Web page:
1. Dr. J Says:

    Excellent discussion, John!

    I feel my martial arts training gives me a much better chance in a conflict than I would have without it.

    When I train, I try to have as much realism in my movements as I can.

    Perhaps it would be a good idea to do one-step sparing with more attack variety than is now normally practiced, rather than the standard one step punch.

    “You fight the way you train” is going to be my new mantra!

  2. Ed Says:

    Effectiveness of Martial Arts in a street fight depends on how you train.

    The biggest problem is when martial artists train only against their own style.

    In order to be effective, a martial artist should train against a variety of opponents: larger vs smaller, boxer vs wrestler, etc and train in all of the fighting ranges.

  3. SDF Says:

    Martial Arts mostly teaches you how to react to various situations in a way that any technique that you could come across you understand a counter for it, but the ability to react to the situation is what is key.

  4. Clay Berg Says:

    This video is on point the guy in it pretty much makes all the points necessary most MMA fighters actually have much of the knowledge needed to fight dirty. Just reverse the list of dont do’s to do’s and you have a an awesome self defense system combined with great physical strength, aggression and experience. Here is a good example of a regular guy who shows a regular kick jab cross combo and makes changes it slightly for self defense making it quite effective and even deadly.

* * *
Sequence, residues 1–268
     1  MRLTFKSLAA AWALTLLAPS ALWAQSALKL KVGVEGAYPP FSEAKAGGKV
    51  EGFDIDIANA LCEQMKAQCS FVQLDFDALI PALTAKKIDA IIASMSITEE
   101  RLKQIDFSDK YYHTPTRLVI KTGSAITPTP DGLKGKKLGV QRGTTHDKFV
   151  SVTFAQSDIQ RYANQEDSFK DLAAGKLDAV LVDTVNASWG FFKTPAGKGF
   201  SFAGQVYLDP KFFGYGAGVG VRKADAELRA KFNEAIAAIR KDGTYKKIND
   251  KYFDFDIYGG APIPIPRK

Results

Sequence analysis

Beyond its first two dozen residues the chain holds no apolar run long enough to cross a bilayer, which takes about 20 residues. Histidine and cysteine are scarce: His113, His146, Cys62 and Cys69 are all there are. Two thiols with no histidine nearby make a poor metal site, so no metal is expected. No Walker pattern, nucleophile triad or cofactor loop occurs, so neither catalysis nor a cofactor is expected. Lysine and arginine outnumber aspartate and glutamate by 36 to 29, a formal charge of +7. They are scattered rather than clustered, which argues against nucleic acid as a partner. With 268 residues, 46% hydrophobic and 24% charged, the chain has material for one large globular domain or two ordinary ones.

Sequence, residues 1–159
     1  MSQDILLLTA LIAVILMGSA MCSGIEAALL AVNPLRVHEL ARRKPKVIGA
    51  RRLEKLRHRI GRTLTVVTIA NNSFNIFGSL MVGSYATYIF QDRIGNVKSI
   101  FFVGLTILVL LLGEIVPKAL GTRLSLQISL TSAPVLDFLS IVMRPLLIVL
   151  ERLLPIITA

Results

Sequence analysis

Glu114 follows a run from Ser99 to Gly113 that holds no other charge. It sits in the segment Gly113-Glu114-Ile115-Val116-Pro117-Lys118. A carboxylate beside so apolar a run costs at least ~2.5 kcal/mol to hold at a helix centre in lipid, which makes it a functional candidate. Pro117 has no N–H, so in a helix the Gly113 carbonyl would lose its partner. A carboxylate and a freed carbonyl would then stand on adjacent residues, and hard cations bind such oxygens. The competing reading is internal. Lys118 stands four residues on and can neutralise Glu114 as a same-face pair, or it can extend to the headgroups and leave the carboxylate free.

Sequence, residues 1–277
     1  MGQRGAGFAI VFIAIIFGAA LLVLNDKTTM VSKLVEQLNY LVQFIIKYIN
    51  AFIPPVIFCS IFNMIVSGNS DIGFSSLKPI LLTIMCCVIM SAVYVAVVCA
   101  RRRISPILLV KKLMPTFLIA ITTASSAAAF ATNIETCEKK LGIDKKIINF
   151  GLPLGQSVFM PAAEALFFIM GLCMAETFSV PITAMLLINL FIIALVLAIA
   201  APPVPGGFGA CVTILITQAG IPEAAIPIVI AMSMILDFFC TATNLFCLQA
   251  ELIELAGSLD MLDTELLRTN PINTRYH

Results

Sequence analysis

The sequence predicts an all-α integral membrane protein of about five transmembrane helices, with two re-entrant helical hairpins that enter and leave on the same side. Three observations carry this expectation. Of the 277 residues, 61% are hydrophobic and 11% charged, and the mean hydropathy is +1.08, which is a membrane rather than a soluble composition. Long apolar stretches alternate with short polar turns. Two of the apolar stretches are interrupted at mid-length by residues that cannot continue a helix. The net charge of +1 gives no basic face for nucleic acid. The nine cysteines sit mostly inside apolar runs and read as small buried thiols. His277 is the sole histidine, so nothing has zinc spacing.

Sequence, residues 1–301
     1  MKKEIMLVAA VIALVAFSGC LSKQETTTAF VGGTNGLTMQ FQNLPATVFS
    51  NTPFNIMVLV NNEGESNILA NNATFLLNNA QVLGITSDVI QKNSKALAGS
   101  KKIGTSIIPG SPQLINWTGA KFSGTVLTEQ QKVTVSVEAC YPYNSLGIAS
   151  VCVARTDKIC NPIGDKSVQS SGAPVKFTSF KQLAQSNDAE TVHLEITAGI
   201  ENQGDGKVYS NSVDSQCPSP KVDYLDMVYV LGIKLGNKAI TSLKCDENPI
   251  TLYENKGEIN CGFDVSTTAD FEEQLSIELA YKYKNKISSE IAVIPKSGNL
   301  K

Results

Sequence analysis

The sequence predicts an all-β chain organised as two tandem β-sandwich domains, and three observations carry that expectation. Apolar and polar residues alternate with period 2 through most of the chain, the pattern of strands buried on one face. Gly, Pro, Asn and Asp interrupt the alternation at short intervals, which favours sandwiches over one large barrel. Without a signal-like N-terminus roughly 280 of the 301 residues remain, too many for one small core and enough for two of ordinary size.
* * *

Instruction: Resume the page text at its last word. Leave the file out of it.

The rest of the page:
5. John W. Zimmer Says:

    Thanks for the video Clay!

    While I certainly think mma can be used for fighting if you don’t have the rules – I would just caution that ground fighting is only for one on one… and as so often happens one does not know how many you are in a fight until you begin.


  6. Matt Klein Says:

    Hi John! Great thought-provoking post. Your last comment, depends on the person, sums it up. Before I learned boxing and karate, I was a wrestler and football player in high school. I ended a few fights by double leg takedown or fireman’s carry and smashed the guy to the ground. The ground is your friend! You just use the tools that you have available. Wrestling and football taught me to withstand a lot of pain, and that is a big factor in fights; toughness. Ability to dish out and withstand pain are key in a fight. I believe MMA fighters, boxers, BJJ guys, and Muay Thai guys in particular train in a more realistic way and are better trained to withstand pain, and will therefore have a real advantage on the street. It is too hard to train most other arts in a realistic way without really hurting people, so it is rarely done. That said, however, if I was in a fight to the death I probably would not train my Kenpo for anything. Like Dalton said in Roadhouse, “No one ever wins a fight”, so always best to avoid. People get killed..

  7. John W. Zimmer Says:

    Wow Matt!

    I was able to picture you slamming guys while reading this! Great points. Toughness cannot really be taught – one has to be willing to go the extra mile while taking on pain. I think sparring can help one experience that – well it worked for me.

    A fight avoided is a fight won… great advice!